A new decorating centre was opened at Heath Town in 1990 and the new headquarters of Mander-Deval Wallcoverings was built on land adjacent to the works.

In 1992 an unsuccessful takeover bid from a rival company, Kalon, led to Manders reviewing its long-term strategy. 

The decision was taken to concentrate on the highly successful printing ink manufacture and so, during late 1993 and early 1994, the decorative paints part of the business, and the Mander Centre, were sold. 


A tube of artist's oil colour in original box.

An advert for Aqualine water paint. Courtesy of David Wilsdon.
An advert for Vernasca wall paint. Courtesy of David Wilsdon.


A 1958 advert.

Manders also acquired a number of the world's leading ink manufacturers, including a major competitor, Croda, with operations in the U.K., Ireland. Italy, the Netherlands, New Zealand, South Africa and the USA.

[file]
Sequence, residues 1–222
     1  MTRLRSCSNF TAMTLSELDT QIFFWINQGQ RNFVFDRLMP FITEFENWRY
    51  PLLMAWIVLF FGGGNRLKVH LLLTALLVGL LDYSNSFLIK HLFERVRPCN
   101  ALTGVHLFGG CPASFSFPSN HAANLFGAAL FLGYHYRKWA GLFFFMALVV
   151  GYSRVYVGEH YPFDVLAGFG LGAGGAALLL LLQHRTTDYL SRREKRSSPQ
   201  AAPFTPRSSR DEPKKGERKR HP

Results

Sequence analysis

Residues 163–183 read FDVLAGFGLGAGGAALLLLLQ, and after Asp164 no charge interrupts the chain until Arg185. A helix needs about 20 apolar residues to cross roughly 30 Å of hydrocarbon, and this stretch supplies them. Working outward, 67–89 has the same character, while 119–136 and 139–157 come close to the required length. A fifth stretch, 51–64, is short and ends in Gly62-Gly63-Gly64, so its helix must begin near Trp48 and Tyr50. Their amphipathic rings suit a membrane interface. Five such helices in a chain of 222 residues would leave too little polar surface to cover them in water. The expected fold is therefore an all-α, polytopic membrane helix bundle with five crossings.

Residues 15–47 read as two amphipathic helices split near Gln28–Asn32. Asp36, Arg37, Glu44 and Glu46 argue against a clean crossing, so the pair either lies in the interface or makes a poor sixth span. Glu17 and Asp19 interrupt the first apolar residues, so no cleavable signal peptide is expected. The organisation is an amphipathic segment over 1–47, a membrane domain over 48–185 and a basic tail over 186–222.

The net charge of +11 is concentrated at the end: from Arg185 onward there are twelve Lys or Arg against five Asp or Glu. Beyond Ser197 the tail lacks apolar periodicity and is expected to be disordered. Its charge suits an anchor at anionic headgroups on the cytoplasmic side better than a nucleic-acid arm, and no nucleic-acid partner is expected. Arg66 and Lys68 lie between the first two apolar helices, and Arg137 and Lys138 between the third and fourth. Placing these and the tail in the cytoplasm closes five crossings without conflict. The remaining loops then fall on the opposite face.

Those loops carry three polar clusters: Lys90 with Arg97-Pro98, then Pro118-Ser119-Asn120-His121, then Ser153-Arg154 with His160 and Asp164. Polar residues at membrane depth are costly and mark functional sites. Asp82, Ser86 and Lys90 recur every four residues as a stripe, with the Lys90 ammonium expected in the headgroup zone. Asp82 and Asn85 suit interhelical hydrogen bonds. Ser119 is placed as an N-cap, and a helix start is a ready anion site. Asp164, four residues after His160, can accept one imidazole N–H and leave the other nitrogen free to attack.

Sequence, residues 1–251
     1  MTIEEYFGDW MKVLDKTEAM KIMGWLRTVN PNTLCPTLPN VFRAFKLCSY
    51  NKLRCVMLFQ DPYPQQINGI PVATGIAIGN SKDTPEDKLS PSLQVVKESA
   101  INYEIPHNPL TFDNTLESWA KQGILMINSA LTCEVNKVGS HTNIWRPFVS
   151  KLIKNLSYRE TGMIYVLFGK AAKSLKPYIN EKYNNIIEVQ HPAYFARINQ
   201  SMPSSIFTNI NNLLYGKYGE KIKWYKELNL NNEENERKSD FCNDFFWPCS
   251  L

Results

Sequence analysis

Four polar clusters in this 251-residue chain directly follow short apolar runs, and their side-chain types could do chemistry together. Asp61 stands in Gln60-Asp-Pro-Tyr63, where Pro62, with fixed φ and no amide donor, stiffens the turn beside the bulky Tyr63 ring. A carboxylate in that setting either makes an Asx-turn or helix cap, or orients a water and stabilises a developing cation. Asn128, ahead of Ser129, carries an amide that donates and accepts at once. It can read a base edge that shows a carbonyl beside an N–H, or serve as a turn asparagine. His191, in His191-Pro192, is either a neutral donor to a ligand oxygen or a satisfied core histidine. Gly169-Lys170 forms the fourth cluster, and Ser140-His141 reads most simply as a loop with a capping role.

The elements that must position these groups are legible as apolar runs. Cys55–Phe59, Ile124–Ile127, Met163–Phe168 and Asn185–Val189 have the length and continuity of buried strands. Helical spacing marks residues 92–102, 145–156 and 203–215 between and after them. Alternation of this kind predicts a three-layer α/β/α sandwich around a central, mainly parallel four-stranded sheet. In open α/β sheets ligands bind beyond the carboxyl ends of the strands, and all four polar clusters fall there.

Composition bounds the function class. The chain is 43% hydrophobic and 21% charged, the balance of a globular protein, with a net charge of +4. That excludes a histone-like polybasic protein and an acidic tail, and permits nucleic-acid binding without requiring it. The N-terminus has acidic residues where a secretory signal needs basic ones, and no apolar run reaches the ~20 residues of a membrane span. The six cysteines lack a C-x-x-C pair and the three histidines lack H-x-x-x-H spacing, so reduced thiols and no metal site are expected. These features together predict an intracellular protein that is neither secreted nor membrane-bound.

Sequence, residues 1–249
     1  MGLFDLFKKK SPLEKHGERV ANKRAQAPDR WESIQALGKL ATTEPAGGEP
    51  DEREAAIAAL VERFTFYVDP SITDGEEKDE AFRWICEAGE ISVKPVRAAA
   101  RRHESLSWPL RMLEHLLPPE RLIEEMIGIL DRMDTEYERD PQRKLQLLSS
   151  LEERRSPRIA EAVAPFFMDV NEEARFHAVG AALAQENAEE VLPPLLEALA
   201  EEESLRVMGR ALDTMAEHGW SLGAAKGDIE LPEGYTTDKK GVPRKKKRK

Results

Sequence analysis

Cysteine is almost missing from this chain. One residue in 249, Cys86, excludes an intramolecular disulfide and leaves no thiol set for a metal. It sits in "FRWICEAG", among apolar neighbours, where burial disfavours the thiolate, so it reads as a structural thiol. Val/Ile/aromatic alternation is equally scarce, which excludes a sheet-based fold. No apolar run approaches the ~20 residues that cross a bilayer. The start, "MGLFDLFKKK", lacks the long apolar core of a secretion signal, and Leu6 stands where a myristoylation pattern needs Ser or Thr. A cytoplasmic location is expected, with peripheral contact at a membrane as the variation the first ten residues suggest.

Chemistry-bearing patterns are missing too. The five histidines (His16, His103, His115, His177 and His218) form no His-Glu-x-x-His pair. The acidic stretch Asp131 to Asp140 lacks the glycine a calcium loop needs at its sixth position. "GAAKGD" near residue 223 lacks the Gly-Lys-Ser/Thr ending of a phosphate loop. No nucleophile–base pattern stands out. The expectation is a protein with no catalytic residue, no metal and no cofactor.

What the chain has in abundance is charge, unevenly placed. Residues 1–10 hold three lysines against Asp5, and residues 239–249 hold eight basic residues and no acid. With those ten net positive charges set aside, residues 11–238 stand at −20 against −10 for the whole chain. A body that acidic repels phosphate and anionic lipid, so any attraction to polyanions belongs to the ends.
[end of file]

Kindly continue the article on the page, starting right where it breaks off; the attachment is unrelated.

In 1994 the Netherlands based Premier Inks was acquired. It was one of Europe's largest manufacturers of publishing inks. 

In the same year Morrison Inks of New Zealand was also acquired to give Manders a strong world-wide presence. 

In 1996 Manders made its final acquisition with the purchase of a large facility in Sweden which specialised in metal decorating coatings. Six centres of excellence were set up in various European locations, specialising in commercial sheetfed inks, liquid inks, metal decorating inks, news inks and publication inks.